Case III is exactly the same as Case II except nonzero initial conditions are assigned to A, B and C. In fact A, B and C are assigned to have the same initial conditions for their outputs, that is y1(0) = y2(0) = y(0) = 4 and hence, (11) of the main Theorem is satisfied; ẏ(0) = 2 as to satisfy the condition (38) of Corollary 2.3. Since the condition of (12) of this Corollary is not satisfied (k1 + k0 ≠ 1), we should not have equal outputs for C, AB and BA; see Fig. 4 (CIII ≠ ABIII ≠ BAIII). We note again that due to the strong stability of the systems C, AB, BA, the initial condition responses die away quickly and the outputs become equal as t → ∞. This is because of the decomposition of C into the commutative pair AB (or BA) is valid under zero initial conditions.
3.3 Example 3
This example is presented to exhibit the numerical accuracies in simulations while validating the main theorem and its corollaries stated in the paper. The second-order linear time-varying system C to be synthesized as the commutative cascade connected pair of two first-order linear time-varying subsystems A and B are described by
respectively. Note that all the conditions of Theorem 2.1 are satisfied with k1 = 0.25, k0 = 0.75, where k1 +k0 = 1. The input is chosen as x(t) = −5 + 10sin4t. The simulation results for all outputs of C, AB and BA are equal as shown in Fig. 5 (C = AB = BA). The small discrepancies due to the numerical errors in the simulations are observed in the same figure as (C − AB) and (AB − BA). Note that the outputs of C, AB and BA can not be differed, though there is a difference between the results of C and AB in the order of smaller than 10−5 in magnitude. On the other hand, the difference between AB and BC are almost smaller than 10−15 in magnitude. This means that the cascade connections AB and BA are much more insensitive to the numerical errors than the whole system C. This shows the numerical stability of cascade synthesis procedure over the direct synthesis.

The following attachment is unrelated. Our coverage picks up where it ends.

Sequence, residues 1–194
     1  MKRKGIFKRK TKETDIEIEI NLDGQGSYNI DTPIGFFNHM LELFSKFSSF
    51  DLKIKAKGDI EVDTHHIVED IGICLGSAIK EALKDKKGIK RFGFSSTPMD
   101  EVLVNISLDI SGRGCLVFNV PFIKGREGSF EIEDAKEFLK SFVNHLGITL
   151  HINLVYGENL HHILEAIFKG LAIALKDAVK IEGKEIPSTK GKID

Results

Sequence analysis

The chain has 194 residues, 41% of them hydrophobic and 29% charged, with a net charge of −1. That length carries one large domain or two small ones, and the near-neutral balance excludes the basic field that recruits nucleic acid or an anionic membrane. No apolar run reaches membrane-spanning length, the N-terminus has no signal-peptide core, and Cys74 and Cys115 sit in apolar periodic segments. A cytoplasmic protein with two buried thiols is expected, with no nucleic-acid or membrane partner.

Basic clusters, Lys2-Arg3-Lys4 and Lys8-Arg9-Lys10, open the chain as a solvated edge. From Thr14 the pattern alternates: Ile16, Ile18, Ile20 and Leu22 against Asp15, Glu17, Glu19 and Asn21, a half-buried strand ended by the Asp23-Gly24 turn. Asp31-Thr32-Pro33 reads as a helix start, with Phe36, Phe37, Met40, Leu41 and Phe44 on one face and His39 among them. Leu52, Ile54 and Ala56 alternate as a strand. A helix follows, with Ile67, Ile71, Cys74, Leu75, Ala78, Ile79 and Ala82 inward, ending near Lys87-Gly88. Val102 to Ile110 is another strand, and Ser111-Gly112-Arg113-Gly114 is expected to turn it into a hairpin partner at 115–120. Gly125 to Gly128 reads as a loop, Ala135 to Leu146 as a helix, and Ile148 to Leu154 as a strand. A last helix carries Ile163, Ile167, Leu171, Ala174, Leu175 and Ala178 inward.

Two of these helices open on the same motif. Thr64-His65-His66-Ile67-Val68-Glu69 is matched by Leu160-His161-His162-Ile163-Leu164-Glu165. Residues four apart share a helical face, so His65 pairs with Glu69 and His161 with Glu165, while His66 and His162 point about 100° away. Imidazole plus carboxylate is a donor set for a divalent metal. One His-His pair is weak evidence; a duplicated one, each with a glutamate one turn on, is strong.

3.4 Example 4
This example is designed to show the importance of the orders AB or BA from the effect of the noise point of view interfered at the interconnection. The systems considered are
The given decomposition of C into the cascade connections AB and BA satisfies all the conditions of Theorem 2.1 where k1 = 0.64, k0 = 0.36. The input x(t) is chosen as 10sin4t − 5 plus a square wave of amplitude 20, period 1 and % 20 pulse width. After validating that all outputs of C, AB and BA are the same (see Fig. 6, C = AB = BA), a noise signal of a square wave of period 1 (5 for 0 ≤ t ≤ 0.25, −5 for 0.25 ≤ t ≤ 0.5, 0 for 0.5 ≤ t ≤ 1) is added as disturbance at the interconnection of subsystems A and B. The effect of this noise at the output of the cascade connection is also shown in Fig. 5 (BA noise and AB noise). It is apparently true that the cascade connection BA is preferable since it causes almost half of the noise effect of produced in the connection AB. Hence among the alternative orders AB and BA, BA is preferred for the cascade synthesis of C since it is less sensitive to distortive signals occurring at the interconnection point.
The necessary and sufficient conditions are derived for the decomposition of a second-order linear time-varying system into the cascade connection of two first-order commutative linear time-varying subsystems. The results of the main theorem and its corollaries are well verified by MATLAB simulations. It is shown that the cascade synthesis is more robust against the numerical errors that the direct simulation of the system. Although the order of the subsystems is not important from the view point of input-output relations, the paper shows that one of the sequences can be preferable when the effects of disturbance at the interconnection of two subsystems are considered.
This paper has been supported by the Scientific and Technological Research Council of Turkey under the project no. 115E952.
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About the article
Published Online: 2016-10-06
Published in Print: 2016-01-01
Citation Information: Open Mathematics, Volume 14, Issue 1, Pages 693–704, ISSN (Online) 2391-5455, DOI: https://doi.org/10.1515/math-2016-0059.
© 2016 Koksal, published by De Gruyter Open.. This work is licensed under the Creative Commons Attribution-NonCommercial-NoDerivatives 3.0 License. BY-NC-ND 3.0